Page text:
The first thing you should do is clean the tank to remove all oil and grease from the manufacturing process, you can use a small amount of dish detergent on a sponge to clean the tank and use lots of clean water to rinse and then let it dry.
Add the substrate of your choice and add your filter I recommend a small sponge filter with a small powerhead for small tanks but you can also use other filtration methods like hang on back filters and canister filters.
In an ideal world, I would use 2-3 canister filters in a chain with a double sponge filter on the intakes of all my tanks. When your tank is ready to start fill it with water and prepare it like I showed you in the first section of this guide.
Add a pinch of bacterial powder if you have it, I like to use Borneo wild enlive. Next, sit on your hand for a week and then do a 25% water change again remember to age that water. repeat these steps for two months. After 2 months your tank should be cycled.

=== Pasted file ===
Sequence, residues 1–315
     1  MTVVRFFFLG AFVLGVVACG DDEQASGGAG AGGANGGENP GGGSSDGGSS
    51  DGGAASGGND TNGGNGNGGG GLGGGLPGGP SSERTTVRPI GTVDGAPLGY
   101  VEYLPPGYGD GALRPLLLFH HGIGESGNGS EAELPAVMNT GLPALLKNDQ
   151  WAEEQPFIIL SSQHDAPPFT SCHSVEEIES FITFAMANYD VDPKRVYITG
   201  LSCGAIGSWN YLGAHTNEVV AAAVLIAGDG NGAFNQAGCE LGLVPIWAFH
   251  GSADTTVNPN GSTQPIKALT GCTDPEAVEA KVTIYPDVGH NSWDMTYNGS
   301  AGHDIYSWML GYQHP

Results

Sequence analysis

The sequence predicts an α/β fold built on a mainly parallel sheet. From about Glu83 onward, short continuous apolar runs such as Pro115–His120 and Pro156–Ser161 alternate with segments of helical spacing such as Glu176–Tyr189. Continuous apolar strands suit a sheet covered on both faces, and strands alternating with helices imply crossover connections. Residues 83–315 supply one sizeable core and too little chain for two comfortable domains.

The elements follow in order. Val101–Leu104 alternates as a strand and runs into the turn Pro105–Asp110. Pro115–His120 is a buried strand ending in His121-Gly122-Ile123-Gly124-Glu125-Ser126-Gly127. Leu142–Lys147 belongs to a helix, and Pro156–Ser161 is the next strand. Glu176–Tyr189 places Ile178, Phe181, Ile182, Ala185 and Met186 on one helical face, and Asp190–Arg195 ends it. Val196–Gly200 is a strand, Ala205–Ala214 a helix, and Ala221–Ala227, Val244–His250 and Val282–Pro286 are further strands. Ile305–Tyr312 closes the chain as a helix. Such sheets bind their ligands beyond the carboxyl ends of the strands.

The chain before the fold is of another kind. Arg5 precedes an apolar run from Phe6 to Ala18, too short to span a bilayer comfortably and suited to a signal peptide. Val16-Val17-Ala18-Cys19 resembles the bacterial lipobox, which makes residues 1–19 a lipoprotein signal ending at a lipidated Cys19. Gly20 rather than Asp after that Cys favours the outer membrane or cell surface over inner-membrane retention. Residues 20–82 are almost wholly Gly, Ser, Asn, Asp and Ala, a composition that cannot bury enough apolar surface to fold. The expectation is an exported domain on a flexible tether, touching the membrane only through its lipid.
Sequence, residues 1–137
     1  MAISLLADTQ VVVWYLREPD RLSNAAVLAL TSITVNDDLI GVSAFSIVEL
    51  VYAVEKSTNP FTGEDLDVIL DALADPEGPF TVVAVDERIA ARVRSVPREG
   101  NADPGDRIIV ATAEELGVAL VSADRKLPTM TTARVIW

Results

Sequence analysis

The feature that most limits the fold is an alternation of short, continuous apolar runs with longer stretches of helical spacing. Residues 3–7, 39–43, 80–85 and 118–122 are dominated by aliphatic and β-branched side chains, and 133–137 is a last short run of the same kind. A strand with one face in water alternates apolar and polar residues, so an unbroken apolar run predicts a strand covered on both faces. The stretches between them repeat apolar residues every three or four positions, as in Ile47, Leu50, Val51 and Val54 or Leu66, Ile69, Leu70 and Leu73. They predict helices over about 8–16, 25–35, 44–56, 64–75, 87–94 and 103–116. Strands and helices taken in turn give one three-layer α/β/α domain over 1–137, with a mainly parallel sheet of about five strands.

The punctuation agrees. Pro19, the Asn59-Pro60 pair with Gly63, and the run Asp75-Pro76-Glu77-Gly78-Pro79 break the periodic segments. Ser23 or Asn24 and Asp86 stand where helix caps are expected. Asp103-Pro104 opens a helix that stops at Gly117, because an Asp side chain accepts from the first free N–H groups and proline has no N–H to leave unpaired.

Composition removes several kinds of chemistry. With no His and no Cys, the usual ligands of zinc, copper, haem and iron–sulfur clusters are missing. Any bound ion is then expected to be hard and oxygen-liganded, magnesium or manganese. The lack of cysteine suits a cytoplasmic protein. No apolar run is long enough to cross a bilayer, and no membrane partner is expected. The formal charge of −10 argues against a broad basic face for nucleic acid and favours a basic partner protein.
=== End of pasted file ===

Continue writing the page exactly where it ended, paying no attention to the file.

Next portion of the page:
Now is a good time for you to break out that ammonia test kit and see what you have, I personally don’t do this anymore because the tanks are always ready but it is good practice for you to see it for yourself.
Let me touch briefly on why the cycle process is important. A shrimp tank needs a stable nitrogen cycle to function properly and in the early stages it is anything but stable, bacterial colony’s will thrive and die of as they compete with each other for the resources your tanks hold.
This is why I recommend starting with a bacterial powder so that you choose the type of bacteria.Bacterial colonies can also take a little while to get going and some anaerobic bacteria can take a longer time than normal.
Water changes can be a complex issue because so many people have different opinions about it and also my advise will not always be the same to different people, normally this is done on an individual basis depending on what I think the individuals shrimp keeping ability is, smaller water changes are easier and less can go wrong.